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Earlier this week, I wrote and posted blog post on the subject of being myself. I even recorded a video about it because I truly think that authenticity is the key to making a connection when communicating but as I sat down to write that post, I struggled with a blank screen. The white space of the word doc seemed to taunt me as I tried to put my idea into words. I had the concept but I couldn’t find the tone.

I struggled and struggled until finally, I asked myself a question that totally changed my perspective. It was a simple question with a complex answer that sparked all of the creativity that I needed. What was it that I asked?

How would the person I want to become write this?

If I were as successful as I want to be, if I have achieved the goals that I’ve set, if I lived the life that I want to live, how would I write this? If I had the courage to honestly tell my story, warts and all, how would I tell it? That’s when it got easy.

At this point, you might be thinking I’ve lost my mind.

How can I advocate both being yourself and pretending to be the person you want to become? Aren’t these two completely unrelated concepts? Aren’t I totally crazy.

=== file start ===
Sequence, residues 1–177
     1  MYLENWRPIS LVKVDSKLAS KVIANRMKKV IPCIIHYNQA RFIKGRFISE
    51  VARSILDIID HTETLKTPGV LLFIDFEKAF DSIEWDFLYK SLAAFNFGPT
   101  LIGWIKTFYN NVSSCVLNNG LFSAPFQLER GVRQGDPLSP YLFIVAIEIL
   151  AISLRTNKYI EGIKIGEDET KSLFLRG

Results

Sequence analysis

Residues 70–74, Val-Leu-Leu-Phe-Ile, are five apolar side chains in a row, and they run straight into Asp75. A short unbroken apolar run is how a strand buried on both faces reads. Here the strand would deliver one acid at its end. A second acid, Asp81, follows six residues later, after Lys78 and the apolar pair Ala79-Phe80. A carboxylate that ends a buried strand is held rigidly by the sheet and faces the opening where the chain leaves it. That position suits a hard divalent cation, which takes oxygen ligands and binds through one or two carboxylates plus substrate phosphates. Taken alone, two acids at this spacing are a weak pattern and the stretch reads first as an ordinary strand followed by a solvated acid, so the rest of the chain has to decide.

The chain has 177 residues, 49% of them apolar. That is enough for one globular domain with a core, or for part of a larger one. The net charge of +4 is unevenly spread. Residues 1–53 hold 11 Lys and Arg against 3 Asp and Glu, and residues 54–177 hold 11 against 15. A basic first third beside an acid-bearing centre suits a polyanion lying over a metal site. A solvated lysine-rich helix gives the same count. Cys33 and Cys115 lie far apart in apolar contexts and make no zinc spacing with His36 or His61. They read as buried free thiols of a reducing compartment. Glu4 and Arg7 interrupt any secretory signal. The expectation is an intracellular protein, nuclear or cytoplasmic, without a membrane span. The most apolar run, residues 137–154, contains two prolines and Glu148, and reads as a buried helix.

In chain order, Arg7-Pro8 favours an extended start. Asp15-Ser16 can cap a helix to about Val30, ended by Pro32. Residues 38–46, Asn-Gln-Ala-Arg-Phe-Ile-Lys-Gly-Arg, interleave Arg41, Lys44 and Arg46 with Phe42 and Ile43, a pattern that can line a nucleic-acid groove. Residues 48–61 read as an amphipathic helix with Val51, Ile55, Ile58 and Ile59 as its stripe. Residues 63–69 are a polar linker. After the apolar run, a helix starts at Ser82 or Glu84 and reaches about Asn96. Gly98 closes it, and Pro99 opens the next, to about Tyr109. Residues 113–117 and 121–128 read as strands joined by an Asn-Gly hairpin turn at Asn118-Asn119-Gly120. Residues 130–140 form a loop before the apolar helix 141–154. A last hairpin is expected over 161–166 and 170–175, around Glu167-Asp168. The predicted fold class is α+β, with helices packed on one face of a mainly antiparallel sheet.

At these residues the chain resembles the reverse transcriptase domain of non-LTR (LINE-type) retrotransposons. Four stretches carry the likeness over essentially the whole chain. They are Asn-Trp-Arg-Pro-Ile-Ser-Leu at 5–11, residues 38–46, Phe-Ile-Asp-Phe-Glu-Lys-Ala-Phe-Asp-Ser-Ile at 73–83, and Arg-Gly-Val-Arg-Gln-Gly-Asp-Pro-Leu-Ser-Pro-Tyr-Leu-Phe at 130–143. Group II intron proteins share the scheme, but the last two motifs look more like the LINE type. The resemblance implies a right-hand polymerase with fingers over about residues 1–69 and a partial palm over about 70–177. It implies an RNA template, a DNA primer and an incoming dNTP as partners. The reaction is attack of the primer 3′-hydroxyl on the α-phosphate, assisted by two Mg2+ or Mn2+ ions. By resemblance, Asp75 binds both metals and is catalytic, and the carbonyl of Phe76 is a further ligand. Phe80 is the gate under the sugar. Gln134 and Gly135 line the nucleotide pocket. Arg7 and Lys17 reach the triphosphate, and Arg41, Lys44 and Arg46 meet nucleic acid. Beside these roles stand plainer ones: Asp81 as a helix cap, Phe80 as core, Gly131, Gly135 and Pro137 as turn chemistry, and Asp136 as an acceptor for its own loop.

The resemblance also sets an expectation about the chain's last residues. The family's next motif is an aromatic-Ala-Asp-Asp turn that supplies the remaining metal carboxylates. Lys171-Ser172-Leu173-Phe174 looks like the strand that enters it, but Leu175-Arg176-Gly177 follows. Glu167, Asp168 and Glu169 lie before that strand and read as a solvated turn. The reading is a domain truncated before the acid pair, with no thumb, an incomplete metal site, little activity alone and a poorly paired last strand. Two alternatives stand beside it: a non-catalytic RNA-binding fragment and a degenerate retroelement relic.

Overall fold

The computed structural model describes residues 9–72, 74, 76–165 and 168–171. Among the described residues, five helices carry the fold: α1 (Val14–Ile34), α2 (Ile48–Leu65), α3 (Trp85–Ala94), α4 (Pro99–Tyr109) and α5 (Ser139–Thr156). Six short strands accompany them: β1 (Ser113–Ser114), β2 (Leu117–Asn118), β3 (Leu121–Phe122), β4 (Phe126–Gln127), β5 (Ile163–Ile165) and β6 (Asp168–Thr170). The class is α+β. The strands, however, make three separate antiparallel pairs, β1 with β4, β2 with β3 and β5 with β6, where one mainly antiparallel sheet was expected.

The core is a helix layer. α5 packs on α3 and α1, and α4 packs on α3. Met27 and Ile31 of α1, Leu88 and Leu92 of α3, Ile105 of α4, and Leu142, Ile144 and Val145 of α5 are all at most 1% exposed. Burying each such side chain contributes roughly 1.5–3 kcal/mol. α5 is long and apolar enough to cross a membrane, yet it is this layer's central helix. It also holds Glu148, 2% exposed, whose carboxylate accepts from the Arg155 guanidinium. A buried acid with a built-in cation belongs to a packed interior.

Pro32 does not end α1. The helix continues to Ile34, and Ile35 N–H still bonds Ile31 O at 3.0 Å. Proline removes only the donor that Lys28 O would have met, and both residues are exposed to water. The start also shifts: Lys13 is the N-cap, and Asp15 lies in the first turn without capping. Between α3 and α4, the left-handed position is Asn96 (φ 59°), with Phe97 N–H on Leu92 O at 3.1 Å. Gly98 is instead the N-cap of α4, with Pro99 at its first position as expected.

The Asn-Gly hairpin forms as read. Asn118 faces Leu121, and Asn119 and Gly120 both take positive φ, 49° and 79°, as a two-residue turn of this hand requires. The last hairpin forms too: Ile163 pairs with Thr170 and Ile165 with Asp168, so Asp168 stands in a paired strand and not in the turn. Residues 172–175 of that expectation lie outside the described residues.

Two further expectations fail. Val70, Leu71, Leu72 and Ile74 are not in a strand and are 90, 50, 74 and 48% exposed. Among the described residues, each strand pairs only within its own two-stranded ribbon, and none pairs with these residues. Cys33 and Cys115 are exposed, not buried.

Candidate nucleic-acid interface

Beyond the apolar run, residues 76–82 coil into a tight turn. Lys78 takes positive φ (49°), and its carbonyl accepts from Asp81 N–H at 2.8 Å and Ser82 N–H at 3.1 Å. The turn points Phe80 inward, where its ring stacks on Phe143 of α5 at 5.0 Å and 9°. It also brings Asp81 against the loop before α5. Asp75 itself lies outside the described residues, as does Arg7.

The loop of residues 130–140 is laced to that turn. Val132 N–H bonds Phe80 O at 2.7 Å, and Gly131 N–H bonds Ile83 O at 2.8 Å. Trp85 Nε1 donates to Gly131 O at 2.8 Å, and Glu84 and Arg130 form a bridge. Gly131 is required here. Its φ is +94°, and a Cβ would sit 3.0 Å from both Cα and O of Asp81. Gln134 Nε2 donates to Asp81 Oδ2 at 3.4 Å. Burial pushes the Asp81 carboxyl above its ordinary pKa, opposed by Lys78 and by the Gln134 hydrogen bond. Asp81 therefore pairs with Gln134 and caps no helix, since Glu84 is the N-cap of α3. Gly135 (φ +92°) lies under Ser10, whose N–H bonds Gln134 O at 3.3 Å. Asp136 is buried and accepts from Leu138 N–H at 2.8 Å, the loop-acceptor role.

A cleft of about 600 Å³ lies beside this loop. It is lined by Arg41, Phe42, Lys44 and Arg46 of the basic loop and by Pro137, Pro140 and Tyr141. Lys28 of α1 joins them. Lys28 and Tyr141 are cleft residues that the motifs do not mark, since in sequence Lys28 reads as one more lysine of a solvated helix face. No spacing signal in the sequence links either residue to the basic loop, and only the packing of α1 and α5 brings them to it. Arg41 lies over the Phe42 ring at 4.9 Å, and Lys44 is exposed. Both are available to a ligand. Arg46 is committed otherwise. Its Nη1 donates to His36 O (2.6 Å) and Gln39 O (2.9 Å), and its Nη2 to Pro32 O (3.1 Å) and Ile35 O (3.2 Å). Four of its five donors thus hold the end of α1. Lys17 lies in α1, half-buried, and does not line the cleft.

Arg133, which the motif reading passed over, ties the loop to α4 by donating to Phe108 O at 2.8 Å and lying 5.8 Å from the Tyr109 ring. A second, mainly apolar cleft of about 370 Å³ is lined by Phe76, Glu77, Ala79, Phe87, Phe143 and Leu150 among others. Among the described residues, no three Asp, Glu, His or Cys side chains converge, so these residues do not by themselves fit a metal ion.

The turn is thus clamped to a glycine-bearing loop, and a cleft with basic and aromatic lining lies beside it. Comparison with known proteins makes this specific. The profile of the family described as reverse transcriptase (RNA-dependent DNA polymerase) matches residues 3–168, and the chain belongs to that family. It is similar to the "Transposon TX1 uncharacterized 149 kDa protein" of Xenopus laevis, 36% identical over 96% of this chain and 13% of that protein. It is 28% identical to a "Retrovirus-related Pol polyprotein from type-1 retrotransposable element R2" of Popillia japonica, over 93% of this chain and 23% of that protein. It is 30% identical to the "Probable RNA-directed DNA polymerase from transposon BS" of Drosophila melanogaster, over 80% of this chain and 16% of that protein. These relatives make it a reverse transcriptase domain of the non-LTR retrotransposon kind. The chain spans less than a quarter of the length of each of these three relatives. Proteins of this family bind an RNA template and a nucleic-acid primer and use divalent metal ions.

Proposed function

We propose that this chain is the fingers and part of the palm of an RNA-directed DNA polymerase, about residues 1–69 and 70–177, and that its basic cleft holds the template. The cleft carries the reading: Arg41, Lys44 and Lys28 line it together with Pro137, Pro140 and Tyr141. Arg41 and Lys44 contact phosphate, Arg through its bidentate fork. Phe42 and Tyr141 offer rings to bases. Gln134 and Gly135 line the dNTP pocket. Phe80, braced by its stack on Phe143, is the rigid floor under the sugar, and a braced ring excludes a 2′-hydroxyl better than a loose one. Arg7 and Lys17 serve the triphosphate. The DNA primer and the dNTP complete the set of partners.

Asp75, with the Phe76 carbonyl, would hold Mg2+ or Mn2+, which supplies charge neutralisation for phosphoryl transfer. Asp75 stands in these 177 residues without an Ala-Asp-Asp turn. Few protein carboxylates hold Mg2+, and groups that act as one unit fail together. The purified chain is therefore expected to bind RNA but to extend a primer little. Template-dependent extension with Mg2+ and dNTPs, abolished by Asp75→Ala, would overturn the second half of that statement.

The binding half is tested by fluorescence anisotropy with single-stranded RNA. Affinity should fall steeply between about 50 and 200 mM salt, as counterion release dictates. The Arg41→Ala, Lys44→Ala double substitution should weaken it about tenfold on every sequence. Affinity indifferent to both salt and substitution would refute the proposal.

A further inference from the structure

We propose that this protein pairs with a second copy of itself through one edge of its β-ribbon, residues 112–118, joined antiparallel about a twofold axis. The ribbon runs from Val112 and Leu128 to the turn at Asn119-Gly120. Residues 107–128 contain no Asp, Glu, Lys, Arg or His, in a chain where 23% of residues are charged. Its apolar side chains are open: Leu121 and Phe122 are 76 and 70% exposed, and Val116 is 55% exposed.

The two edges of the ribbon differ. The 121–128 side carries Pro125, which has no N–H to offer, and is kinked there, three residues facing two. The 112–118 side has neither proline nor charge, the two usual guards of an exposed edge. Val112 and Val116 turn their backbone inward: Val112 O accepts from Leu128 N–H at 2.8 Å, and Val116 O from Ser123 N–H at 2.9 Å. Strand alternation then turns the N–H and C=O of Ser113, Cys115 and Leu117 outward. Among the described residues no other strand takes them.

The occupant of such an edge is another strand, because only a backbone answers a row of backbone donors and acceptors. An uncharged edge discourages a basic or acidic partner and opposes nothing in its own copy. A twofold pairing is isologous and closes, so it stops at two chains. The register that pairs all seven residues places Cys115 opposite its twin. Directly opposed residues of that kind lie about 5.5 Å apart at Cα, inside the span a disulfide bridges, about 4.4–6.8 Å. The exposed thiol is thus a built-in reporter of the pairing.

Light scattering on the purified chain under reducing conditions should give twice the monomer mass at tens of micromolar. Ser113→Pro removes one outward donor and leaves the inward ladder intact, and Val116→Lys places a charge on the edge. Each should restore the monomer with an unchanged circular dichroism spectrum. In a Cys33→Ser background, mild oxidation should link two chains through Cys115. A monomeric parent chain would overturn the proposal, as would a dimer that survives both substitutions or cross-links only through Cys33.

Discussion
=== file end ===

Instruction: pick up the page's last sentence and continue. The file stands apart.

I might be, but not for this.

You see, picturing the person I want to become gives me the courage to be myself. Answering that question doesn’t make me pretend to be someone else; it makes me focus on being my best. It writes a map for authenticity.

The person that I want to become would be confident enough in himself to share an unflattering story from his past that has a lesson that he can still learn from. The person I want to become would be passionate enough about the topic of honest communication that he would have to tell his story. I would be brave. I would be honest. I would be me.

From that place, picturing that person, the story was easy to tell and that’s where the courage and strength to be authentic comes from. When we know how the person we want to become will handle the situation.

The next time you have to speak. Whether it’s a friendly conversation, a sales call or a presentation to hundreds of people, ask yourself, How would the person I’d like to become handle this? When you answer this question, you’ll find your courage to be yourself.

 

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